In the case of Widow Cuff against the Newark and New York Railroad Company, the evidence, given in the Hudson County Supreme Court, shows with what desperate recklessness the nitro-glycerin explosion at Bergen, in 1867, was brought about. Burns, the man in charge of the oil, was drunk and drowsy. Wishing to melt the glycerin, he dipped the can into a vessel of water, and then put a red-hot poker into the water. When he found this had no effect, he took an iron spike and hammered it into one of the cans to break up the frozen mass 1 Then came the explosion, at last. With proper care nitro-glycerin is as safe as gunpowder, though greatly more powerful. The paragraph we have quoted is from the New York Times, of May 14th. The daily press of this city evidently thinks itself competent to discuss any and all questions, whether of political economy, science, or transcendentalism. But assuming as it does to be the universal instructor of the public, it ought on a subject involving great hazard of human life to speak at least intelligibly, if not intelligently. What does the last sentence of the above paragraph mean ? There is a substance known to chemists called chloride of nitrogen. It is formed by inverting a jar of chlorine gas in a solution of sal-ammoniac, and it floats upon the surface of the solution in oily drops. The circumstances under which this substance is likely to explode are so numerous, and the certainty that they can all be eliminated from an experiment is so difficult of attainment, that the most skillful experimenters hesitate to exhibit even the smallest quantities of it to a class. Even when experimenting with very small quantities, Sir Humphry Davy was wounded in the face by an explosion of this substance, and the celebrated chemist, Dulong, lost an eye, and had a hand maimed for life in an experiment with the same explosive. Yet it is just as true of this substance as of nitro-glycerin, that, with proper care, it is as safe as gunpowder; meaning by proper care, the certain and absolute removal of all circumstances under which an explosion is possible. The explosive itself is perfectly harmless without the circumstances, and the circumstances will never blow people into fragments without the explosive. The great difficulty with nitro-glycerin is, that sometimes, through ignorance, and at others through heedlessness, proper care is not taken. Even the enforcement of proper care is a matter of difficulty. Leakages occur during transportation, when everything was supposed at the outset to be sound; and divers other accidental circumstances are liable to explode this substance which could not by any possibility render gunpowder unsafe. That explosive is the safest which will explode under fewest conditions, provided the conditions are such as may be controlled by ordinary means. The paragraph we have cited seems to convey the impression that in the Bergen disaster the means employed would have exploded almost anything but nitro-glycerin. The man was drunk. Surely, this of itself would have ignited gunpowder. He was drowsy. This would set fire to gun-cotton. He put the can into water. Everybody knows the wonderful igniting power of water upon combustibles. He stuck a hot poker into the water, utterly careless of the extreme inflammability of that liquid. Having failed to ignite this " sate," but powerful explosive, by any of the ordinary means enumerated, never known to fail with any other, this monster of recklessness had resort to an iron spike, an object of such deadly potency, that it can only be obtained by surreptitious means in any civilized country ; and with this fell implement he at last effected an explosion. The real facts in the case cited are that the very first agent employed by the unfortunate, and perhaps careless man, who ignited the nitro-glycerin, capable, in the manner he employed it, of producing ignition, did produce it with its awful results; and yet the Times makes this absurd attempt to torture the facts into a demonstration that it as " safe as gunpowder." Pie ! Fie! It is just because men rlo get drunk and drowsy and careless, and that many other unavoidable contingencies are liable to arise, which will explode nitro-glycerin more readily than dynamite and other less powerful explosions, that we deprecate the indiscriminate use of that terrible explosive compound.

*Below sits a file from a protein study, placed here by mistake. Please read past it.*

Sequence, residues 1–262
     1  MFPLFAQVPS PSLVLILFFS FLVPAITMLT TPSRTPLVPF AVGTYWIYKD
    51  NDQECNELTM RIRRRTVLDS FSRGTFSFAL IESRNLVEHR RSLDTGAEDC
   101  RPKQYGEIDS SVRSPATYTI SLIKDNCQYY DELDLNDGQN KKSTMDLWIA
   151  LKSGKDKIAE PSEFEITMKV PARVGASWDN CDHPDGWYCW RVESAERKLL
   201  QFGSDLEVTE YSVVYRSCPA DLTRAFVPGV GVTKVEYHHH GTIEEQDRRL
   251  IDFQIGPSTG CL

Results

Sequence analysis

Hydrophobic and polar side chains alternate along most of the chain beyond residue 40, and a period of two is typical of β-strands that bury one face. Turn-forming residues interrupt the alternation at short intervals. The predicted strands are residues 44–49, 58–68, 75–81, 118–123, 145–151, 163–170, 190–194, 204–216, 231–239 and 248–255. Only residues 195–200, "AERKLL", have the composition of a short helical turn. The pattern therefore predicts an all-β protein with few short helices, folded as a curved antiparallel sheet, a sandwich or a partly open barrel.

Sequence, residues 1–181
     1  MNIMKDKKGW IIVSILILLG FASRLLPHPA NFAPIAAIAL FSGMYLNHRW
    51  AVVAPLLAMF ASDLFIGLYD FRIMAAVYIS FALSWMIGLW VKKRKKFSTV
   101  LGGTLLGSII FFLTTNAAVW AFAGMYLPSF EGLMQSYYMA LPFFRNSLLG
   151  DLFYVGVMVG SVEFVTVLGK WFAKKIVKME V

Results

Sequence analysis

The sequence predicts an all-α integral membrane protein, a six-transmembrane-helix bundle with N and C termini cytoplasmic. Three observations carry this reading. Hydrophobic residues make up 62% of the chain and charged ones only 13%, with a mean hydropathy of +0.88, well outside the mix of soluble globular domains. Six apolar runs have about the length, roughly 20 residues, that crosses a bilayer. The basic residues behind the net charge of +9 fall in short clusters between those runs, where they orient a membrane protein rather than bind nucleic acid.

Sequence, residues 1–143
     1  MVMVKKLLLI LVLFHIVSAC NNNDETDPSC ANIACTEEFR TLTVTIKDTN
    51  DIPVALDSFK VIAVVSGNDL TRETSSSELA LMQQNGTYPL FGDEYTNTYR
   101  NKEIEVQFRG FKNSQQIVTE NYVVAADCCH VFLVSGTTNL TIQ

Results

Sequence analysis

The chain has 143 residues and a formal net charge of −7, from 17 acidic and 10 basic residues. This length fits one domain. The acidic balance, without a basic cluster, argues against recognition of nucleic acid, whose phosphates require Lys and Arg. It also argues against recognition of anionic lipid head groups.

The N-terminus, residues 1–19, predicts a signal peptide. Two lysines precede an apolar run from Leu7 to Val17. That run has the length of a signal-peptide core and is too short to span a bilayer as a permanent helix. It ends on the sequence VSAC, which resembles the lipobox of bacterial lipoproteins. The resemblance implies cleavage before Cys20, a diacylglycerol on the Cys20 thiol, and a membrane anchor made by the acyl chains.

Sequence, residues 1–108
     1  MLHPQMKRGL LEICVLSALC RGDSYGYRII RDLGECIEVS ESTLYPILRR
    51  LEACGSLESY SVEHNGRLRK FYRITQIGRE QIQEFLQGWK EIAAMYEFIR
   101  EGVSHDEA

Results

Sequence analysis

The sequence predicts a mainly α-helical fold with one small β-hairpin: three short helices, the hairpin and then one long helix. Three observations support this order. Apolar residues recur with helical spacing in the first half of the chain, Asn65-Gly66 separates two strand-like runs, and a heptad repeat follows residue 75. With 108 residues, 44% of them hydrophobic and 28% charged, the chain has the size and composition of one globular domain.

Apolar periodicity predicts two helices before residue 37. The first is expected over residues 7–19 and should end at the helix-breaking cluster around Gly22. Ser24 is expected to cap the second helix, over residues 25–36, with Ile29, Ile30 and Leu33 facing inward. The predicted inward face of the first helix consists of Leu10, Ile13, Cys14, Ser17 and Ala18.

This article was originally published with the title "The New York “Times” on Nitro-Glycerin" in Scientific American 20, 23, 361 (June 1869)